What if Funerals Could Be Fun?

Proponents of 'fun funerals’ would rather focus on the joys in one's life than the sadness in their death. Jewish law, however, sees death differently.

AP

This is not your regular funeral. Guests aren’t dressed in black; they’re wearing costumes of eggs and bacon, pancakes and syrup, and chicken and waffles instead. The casket isn’t decorated with flowers; it’s draped in fruits of all varieties. And as the preacher speaks, the family members don’t wipe their tears with a handkerchief, but wipe their mouths with a napkin, for they’re in the middle of eating breakfast. The deceased loved food, and so his funeral is dedicated to the happiest moments of his life: mealtimes.

“We believe funerals are a time to celebrate life, not mourn death,” says John Beckwith Jr., the funeral director of Golden Gate Funeral Homes in Dallas, Texas, on the TV show "The Best Funeral Ever," then adds, “We throw a full blown celebration.”

The concept of a “fun funeral” seems to be gaining popularity, and the instinct to hold one is understandable: rather than mourn one’s passing, family and friends may wish to celebrate their loved one’s life. Yet, “fun funerals” could be perceived as frivolous and bad mannered – even offensive. In Jewish tradition, they would be considered unkosher.

Jewish tradition places great value on the communal nature of burying the dead. This is reflected in the Hebrew word for funeral, levayah, which also means “accompanying” or “escorting.” Furthermore, Jewish tradition commands us to burry the dead with deep respect and humility. The rabbis of the Talmudic era take a basic biblical injunction (Deuteronomy, 21:22-23) that commands immediate burial, and create a category of Jewish law, kvod hamet, devoted to honoring the dead. That honor includes every aspect of death – from caring for the body in preparation for immediate burial to the design of the simplest funeral service.

Every aspect of this period is meant to honor the person, their life and their body as a sacred vessel of a holy soul. From guarding the body from death until burial; to deliberately and modestly washing the body; to the burial of the body unboxed in the ground or placed in a plain coffin. All of the laws and customs surrounding death are intended to create a modest time of remembrance, and an honorable funeral focused on evoking the sadness and loss we feel that the deceased no longer walks this earth.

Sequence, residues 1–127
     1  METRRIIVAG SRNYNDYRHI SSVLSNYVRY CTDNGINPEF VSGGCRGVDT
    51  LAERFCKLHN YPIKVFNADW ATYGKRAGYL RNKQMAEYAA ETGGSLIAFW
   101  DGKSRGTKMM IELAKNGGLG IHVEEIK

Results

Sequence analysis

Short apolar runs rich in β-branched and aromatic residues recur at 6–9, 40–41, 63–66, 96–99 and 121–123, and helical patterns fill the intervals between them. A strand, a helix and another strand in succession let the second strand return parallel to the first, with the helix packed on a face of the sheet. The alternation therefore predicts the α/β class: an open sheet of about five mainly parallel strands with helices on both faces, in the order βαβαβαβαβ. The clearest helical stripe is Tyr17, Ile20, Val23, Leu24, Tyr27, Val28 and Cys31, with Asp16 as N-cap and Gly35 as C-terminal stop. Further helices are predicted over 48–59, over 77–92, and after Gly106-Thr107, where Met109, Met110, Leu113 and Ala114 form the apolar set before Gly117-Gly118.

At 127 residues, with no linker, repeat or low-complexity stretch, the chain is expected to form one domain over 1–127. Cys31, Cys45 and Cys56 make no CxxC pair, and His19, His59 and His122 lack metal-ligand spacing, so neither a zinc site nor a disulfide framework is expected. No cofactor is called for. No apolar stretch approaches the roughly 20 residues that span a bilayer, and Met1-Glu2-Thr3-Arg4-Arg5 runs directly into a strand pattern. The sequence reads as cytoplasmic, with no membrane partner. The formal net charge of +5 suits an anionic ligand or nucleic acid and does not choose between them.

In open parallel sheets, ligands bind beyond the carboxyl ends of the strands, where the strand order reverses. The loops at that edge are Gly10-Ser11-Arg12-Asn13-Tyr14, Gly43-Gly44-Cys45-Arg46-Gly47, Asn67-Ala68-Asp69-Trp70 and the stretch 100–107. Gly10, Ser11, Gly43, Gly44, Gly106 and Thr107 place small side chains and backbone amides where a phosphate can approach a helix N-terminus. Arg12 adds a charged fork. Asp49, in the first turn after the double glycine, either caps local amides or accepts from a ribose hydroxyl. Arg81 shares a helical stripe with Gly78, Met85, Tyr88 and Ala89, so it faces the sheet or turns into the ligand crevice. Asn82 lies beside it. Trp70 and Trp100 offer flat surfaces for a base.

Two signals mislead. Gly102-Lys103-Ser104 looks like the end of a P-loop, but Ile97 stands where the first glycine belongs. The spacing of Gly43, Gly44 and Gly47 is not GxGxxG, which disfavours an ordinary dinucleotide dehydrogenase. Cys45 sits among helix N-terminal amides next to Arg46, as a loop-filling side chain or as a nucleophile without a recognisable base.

The time surrounding our loss is intended to focus not on frivolity, but on the holy life, the sacred lessons and love the deceased shared with the world. We are charged not to celebrate, but to complete the work of ushering the body out of this world in a humble and simple manner. Hence, the term chesed shel emet, or “true kindness,” is used to describe the acts required of those friends and family charged with burial. It is the ultimate kindness not only because it cannot be paid, but because chesed shel emet is an act of true loyalty. A task the deceased cannot do for herself.

While the desire to celebrate a person’s life and be joyous at the gifts they gave their world is understandable, there is a fine line between joy and disrespect. The Jewish tradition demands we ensure a sacred end, where our focus is on honoring the dead by creating a space and time for the loss we feel. While we hope to experience moments of sacred laughter or joy as we reflect on the person’s life, we must always maintain kvod hamet, respecting the dead, when we bury them.

Though modern society may focus thinking positively and having fun, Judaism asks that we view death differently. Neither kvod hamet nor chesed shel emet are available at a funeral that is designed to be fun. In sadly mourning the dead, we can both honor our tradition and give true respect to the person we loved in life and will continue to love in spirit.

Rabbi Elianna Yolkut works throughout N.Y.C. and beyond teaching, speaking and writing Torah. You can find her at www.rabielianna.com